7. Barbara Reply

    November 19, 2009 at 5:15 pm

    Thanks for the info! Now, more questions: Was it a “general” adhesive, like “liquid nails” or a tile adhesive? And what kind of paint? Glass paint or regular wall paint?

    You give me WAY too many ideas!! Stop that! 🙂

  8. RetroRuth Reply

    November 19, 2009 at 5:45 pm

    Hey Barbara!

    It was StrongStik Instant Grab Adhesive by DAP, which is just a general adhesive. And then we grouted over the adhesive line with white grout to fill in the spaces and strengthen it. The paint is just regular wall paint, but I am not sure if it is going to work yet! Here’s crossing my fingers….

  9. Andrea Reply

    November 20, 2009 at 3:04 pm

    Thanks Ruth! Good to know – that was my fear with the grout saw, as once i got it home, it did look way too thick, our tiles are spaced quite close together. I’ve got a Dremel and a set of bits, so we’ll give that a go.

    No, I am not lucky enough to have pink tiles! They are blue and white. Not original to the house, I am guessing these to be a late 60s/early 70s tile, but I like them. The funny part is that prior to scraping all of the paint off, we had painted the rest of the bathroom blue – once I got the paint off of the tiles I discovered that they couldn’t have matched the blue that I had painted the walls better if I had actually tried to match!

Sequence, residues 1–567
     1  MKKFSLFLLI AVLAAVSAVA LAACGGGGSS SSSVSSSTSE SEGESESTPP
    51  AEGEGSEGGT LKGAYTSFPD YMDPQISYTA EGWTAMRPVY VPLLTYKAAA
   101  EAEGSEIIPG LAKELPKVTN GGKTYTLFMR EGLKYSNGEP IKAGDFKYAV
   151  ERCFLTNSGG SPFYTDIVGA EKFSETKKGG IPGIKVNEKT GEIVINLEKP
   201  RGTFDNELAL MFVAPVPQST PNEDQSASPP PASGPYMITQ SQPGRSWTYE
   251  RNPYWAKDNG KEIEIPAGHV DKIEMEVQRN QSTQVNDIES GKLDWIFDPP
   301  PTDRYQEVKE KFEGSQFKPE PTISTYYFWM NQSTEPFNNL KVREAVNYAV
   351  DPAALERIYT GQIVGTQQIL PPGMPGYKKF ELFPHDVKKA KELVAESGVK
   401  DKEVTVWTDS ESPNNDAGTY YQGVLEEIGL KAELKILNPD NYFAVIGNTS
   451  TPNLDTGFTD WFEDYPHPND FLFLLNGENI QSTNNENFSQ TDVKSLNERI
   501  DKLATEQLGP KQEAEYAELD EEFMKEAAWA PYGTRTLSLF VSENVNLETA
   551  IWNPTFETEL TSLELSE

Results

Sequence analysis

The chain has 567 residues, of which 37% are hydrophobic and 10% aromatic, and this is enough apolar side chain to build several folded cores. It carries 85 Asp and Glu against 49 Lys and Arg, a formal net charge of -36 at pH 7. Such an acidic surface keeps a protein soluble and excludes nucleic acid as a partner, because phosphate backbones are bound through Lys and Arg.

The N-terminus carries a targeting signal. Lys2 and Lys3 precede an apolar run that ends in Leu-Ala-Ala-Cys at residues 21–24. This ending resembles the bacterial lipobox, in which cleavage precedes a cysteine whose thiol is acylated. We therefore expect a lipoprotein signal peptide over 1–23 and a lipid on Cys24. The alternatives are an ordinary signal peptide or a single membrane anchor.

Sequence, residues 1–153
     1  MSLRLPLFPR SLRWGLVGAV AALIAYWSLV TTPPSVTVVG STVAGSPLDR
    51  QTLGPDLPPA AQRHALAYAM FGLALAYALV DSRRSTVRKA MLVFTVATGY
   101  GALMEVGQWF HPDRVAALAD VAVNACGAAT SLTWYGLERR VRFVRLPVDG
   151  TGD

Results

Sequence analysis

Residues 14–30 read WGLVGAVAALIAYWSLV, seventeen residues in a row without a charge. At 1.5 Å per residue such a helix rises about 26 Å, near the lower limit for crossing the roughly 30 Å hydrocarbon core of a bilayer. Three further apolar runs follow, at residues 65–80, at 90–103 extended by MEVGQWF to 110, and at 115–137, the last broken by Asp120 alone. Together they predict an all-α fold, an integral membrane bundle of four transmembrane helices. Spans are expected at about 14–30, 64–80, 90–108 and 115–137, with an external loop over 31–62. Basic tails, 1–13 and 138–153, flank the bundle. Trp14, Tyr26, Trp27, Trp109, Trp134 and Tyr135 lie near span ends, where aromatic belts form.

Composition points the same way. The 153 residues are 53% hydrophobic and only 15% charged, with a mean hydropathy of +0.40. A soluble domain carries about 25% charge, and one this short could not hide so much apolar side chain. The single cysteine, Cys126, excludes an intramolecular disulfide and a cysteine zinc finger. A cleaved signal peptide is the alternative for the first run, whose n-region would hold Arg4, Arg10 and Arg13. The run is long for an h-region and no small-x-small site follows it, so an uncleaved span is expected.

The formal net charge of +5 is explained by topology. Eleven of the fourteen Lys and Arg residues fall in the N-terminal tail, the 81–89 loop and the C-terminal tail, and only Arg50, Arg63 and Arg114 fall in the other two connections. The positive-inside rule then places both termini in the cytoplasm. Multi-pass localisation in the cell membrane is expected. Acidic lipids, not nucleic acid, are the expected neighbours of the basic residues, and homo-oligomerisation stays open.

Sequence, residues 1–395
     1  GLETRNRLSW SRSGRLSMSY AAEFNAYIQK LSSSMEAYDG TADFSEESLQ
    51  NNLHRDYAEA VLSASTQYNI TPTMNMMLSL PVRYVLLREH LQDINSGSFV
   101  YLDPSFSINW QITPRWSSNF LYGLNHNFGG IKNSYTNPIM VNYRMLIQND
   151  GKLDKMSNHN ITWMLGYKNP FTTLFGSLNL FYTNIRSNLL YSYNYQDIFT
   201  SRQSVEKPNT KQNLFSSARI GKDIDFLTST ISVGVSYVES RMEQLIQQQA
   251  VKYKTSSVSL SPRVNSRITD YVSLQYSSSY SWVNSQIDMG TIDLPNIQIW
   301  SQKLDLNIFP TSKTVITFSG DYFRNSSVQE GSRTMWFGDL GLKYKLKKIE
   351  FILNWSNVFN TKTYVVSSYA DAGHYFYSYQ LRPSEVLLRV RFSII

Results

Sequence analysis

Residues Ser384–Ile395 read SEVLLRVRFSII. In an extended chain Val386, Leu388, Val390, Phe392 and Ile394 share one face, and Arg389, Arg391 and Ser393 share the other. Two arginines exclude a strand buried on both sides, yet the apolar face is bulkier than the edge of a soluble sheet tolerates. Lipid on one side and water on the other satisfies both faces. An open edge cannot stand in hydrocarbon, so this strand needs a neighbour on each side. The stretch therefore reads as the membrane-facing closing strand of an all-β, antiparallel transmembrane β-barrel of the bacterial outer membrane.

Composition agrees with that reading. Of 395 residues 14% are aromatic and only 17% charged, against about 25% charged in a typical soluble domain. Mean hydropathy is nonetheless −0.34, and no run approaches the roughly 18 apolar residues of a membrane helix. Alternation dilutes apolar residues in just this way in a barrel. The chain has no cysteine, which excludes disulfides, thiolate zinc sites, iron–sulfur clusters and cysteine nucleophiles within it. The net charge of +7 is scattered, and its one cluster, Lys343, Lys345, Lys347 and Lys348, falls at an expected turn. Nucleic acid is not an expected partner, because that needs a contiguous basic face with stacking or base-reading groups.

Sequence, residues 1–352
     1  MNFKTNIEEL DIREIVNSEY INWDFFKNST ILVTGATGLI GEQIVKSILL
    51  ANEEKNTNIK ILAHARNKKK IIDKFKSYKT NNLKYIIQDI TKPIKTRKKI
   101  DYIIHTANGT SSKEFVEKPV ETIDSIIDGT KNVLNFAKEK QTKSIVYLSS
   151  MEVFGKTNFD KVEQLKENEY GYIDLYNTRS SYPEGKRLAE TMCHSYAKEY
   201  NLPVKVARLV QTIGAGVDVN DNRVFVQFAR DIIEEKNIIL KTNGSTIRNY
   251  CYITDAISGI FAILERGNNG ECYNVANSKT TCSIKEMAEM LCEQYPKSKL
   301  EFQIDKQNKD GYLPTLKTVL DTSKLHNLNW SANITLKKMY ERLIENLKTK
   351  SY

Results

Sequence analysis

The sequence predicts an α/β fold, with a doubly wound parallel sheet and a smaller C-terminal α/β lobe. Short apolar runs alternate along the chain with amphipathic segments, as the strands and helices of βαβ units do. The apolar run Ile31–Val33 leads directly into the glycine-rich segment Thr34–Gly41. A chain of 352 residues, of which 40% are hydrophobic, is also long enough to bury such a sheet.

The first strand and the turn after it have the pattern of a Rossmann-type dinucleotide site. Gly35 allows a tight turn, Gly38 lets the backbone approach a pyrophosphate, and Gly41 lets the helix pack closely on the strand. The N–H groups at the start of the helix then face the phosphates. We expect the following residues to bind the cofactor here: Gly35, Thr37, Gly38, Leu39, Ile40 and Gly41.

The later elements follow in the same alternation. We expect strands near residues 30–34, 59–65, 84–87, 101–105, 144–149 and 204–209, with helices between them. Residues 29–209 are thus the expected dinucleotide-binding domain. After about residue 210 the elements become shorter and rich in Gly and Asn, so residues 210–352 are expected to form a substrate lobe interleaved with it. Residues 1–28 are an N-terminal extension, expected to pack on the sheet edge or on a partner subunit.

10. Kathy Marie Reply

    April 2, 2010 at 1:07 pm

    Hello–Uhm, sorry to say this but your repair may to be redone shortly. Anytime you have a change of plane with a tile field (corners, wall to floor joints) don’t grout it, *caulk* it. The tile acts like a concrete sidewalk, it expands and shrinks with temperature. Using flexible caulk in the joint allows movement without cracking–that’s probably why the grout cracked in the first place. IMHO, the best DIY site on the web is the John Bridge tile forums, they’ve helped me a lot.
    That said, we’re trying to re-do a pink fixture bathroom, we have the tub/toilet, bought a sink and salvaged maybe 100 sq ft of pink tile over 3 1/2 years. We’re going to fill in with biscuit 6x6s, we are finally ready to tile and I’m trying to find some design ideas/motifs.

    So I *adore* your bathroom–enjoy, enjoy!! IMO you have a TREASURE!!
    Kathy Marie

  11. lisa Reply

    April 12, 2010 at 8:27 pm

    hi Ruth! this is funny – my pink bathroom in my 1960 built wyandotte, mi house looks EXACTLY like this – same tiles, same floor! where in michigan are you from? thankfully we haven’t had to do any tile repairs. we probably had the same house builders!

    • RetroRuth Reply

      April 13, 2010 at 10:15 am

      Hi Lisa!!

      I am from Midland, and it is totally possible we had the same builders! 🙂 Send me some pics of your bathroom and your house, I will feature them on the blog!

  12. Karen Reply

    February 19, 2013 at 11:53 pm

    Just curious how the pink paint for the pink bathroom tile turned out. We have a similar situation and are looking for a fix. Thanks!

  13. Holly Reply

    November 8, 2013 at 9:10 pm

    Love the pink bathroom.